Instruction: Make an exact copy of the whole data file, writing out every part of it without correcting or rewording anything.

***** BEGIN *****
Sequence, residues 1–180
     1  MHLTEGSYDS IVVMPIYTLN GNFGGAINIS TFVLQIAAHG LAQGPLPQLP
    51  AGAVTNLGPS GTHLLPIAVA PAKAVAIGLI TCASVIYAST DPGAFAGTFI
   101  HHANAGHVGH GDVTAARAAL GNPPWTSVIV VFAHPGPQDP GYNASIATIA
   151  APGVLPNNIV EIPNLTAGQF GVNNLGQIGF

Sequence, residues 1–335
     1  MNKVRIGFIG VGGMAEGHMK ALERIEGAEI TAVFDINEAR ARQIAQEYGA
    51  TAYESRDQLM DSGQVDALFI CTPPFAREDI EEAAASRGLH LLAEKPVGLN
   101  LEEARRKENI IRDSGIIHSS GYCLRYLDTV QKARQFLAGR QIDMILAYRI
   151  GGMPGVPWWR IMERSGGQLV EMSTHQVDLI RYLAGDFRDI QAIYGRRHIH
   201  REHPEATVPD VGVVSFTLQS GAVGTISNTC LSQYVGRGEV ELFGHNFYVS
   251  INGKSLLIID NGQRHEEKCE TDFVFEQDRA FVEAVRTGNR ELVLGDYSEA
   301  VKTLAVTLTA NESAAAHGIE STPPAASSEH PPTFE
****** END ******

Sequence, residues 1–180
     1  MHLTEGSYDS IVVMPIYTLN GNFGGAINIS TFVLQIAAHG LAQGPLPQLP
    51  AGAVTNLGPS GTHLLPIAVA PAKAVAIGLI TCASVIYAST DPGAFAGTFI
   101  HHANAGHVGH GDVTAARAAL GNPPWTSVIV VFAHPGPQDP GYNASIATIA
   151  APGVLPNNIV EIPNLTAGQF GVNNLGQIGF

Sequence, residues 1–335
     1  MNKVRIGFIG VGGMAEGHMK ALERIEGAEI TAVFDINEAR ARQIAQEYGA
    51  TAYESRDQLM DSGQVDALFI CTPPFAREDI EEAAASRGLH LLAEKPVGLN
   101  LEEARRKENI IRDSGIIHSS GYCLRYLDTV QKARQFLAGR QIDMILAYRI
   151  GGMPGVPWWR IMERSGGQLV EMSTHQVDLI RYLAGDFRDI QAIYGRRHIH
   201  REHPEATVPD VGVVSFTLQS GAVGTISNTC LSQYVGRGEV ELFGHNFYVS
   251  INGKSLLIID NGQRHEEKCE TDFVFEQDRA FVEAVRTGNR ELVLGDYSEA
   301  VKTLAVTLTA NESAAAHGIE STPPAASSEH PPTFE